Materials for this week:

Take-home points:

  1. What are the primary risk factors for DDH? Female gender (up to 75% of DDH), family history, and breech position in the 3rd trimester. As of the updated guideline, there is now also a risk factor noted for tight swaddling with legs adducted and extended. As many as one in six newborn babies have mild hip instability at birth, and approximately one per thousand has a dislocated hip.
  2. How do we screen for and prevent DDH? All children should receive routine clinical evaluation of their hips at each scheduled health supervision visit. Based on consensus (due to the lack of clinical studies), children who have equivocal findings on exam, or increased risk factors for DDH (and normal exam findings) should have imaging. Hip-safe swaddling allows the legs to move into flexed and abducted hip position (i.e., legs not confined to a straight extended position). Safe baby carrying is the “Spread Squat position” – also known as the M-Position, or Jockey Position – with the thighs spread around the mother’s torso and the hips bent so the knees are level with or slightly higher than the buttocks. 
  3. What physical exam techniques should be used? Look for asymmetry* of the thigh or gluteal folds or limb length discrepancy while supine with the hips and knees in straight leg position, and then with the hips and knees in flexed position (*be aware if hip dysplasia is bilateral, we obviously can’t compare sides). Galeazzi sign is unequal knee height when legs are flexed. Use Ortolani maneuver (abduction movement to detect a dislocated femoral head reducing into the acetabulum), which the newest guidelines say has the best predictive value. Barlow manuever may not be necessary and/or harmful if too much pressure is applied. If Barlow is used, it should be gentle pressure applied while adducting the hip after performing Ortolani. The Ortolani and Barlow maneuvers are really most reliable in the first 6 weeks up to 12 weeks, as the hip laxity decreases with time. After that, we use observation of skin folds, hip movement, and leg length. Limited hip abduction or asymmetric hip abduction after the neonatal period (4 weeks) should be referred.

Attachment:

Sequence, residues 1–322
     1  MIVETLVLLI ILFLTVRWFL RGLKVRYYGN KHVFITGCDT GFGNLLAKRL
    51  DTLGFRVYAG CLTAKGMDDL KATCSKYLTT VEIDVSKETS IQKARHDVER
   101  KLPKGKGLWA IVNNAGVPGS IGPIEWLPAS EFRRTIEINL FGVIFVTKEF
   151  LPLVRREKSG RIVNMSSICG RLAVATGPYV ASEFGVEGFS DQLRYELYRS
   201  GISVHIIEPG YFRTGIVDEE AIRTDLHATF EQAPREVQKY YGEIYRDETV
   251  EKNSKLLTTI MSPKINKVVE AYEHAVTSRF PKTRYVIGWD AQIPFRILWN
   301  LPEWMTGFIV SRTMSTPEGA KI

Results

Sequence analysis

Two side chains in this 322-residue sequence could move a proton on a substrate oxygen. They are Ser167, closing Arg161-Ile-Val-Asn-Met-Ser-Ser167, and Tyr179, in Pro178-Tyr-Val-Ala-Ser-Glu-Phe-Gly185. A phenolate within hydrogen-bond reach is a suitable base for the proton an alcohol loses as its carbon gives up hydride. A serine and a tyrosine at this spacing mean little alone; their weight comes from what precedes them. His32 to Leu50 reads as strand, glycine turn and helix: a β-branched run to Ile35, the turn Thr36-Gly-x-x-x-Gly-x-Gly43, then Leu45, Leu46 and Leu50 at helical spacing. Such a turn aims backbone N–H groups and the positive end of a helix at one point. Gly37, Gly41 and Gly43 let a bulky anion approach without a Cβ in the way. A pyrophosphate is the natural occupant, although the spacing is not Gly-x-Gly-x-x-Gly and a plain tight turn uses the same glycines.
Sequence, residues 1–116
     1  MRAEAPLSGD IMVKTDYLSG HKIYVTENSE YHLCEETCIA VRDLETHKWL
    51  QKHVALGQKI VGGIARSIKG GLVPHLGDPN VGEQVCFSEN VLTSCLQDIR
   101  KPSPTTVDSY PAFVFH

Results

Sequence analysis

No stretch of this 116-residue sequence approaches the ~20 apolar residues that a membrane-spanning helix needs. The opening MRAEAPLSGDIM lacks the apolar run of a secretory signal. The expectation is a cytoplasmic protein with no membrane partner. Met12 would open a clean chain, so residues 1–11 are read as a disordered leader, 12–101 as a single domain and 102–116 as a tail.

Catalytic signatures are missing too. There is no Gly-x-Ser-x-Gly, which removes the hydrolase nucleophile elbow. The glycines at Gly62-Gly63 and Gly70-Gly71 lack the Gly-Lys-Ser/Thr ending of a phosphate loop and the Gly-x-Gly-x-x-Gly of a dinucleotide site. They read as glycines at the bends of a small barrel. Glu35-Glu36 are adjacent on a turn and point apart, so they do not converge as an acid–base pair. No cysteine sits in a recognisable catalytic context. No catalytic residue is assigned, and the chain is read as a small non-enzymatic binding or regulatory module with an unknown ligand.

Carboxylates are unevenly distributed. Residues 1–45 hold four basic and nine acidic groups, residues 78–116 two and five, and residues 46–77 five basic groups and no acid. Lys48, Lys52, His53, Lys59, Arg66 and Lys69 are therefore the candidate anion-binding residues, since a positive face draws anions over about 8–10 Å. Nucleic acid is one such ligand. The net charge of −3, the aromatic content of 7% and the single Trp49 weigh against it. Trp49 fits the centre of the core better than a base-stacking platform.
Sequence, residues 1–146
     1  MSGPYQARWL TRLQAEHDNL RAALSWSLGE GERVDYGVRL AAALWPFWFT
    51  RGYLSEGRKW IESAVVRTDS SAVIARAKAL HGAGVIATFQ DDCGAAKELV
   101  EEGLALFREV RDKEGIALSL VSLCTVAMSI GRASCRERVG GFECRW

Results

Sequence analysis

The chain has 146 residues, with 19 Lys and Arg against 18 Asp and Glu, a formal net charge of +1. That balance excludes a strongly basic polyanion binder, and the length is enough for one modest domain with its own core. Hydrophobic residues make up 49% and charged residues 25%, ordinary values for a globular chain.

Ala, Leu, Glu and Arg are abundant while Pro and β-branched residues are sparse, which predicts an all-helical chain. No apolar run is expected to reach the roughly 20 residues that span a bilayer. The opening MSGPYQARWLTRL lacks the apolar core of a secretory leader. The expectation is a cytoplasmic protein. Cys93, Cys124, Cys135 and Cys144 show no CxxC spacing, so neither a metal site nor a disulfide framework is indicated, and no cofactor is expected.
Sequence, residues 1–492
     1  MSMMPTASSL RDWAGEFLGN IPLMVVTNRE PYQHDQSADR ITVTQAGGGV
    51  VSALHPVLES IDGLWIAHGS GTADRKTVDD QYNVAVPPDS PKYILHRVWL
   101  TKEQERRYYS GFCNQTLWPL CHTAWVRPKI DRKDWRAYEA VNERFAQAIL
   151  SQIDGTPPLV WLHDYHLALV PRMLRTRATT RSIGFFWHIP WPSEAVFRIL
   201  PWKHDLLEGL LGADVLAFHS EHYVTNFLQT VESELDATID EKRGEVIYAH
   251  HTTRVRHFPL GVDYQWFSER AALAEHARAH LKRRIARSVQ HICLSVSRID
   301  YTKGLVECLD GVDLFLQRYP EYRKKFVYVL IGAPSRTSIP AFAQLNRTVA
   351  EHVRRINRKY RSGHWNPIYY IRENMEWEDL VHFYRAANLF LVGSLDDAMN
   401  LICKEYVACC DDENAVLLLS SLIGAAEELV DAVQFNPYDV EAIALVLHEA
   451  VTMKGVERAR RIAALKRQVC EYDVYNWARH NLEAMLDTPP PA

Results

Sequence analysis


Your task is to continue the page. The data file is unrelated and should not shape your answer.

4. What imaging do we use to screen? Ultrasound at age 6 weeks to 6 months, or plain x-rays at 4-6 months are considered fairly equivalent according to the data, and are implemented based on local availability of trained sonographers. Note, there are more false positives with early ultrasound, and many children with more subtle findings may be watched and rescreened.
  5. What constitutes a positive screen? Based on consensus, children who have unstable hips on exam (a “clunk” on Ortolani) or abnormal findings on radiographic evaluation, should be referred to an orthopedist. Isolated hip clicks without the sensation of instability usually represent normal laxity and myofascial tissue movement over the bones and do not require referral.

2018-19 TOW #40: Head shape

An important aspect of evaluating infant growth is head size and shape. Positional plagiocephaly has increased with back to sleep recommendations, and treatment continues to evolve, in part thanks to research by some of our wonderful local craniofacial experts.

Materials for this week:

Take-home points for assessing abnormal head size and shape, especially plagiocephaly:

  1. Clinical definitions: Newborns have 7 skull bones separated by 6 major sutures important to skull growth: 1 metopic, 2 coronal, 1 sagittal, and 2 lambdoid. Craniosynostosis is defined as premature fusion at one or more of the cranial sutures, resulting in restriction of skull growth at that site. Unilateral flattening over the occiput is due to either positional plagiocephaly or lambdoid suture craniosynostosis (much more rare).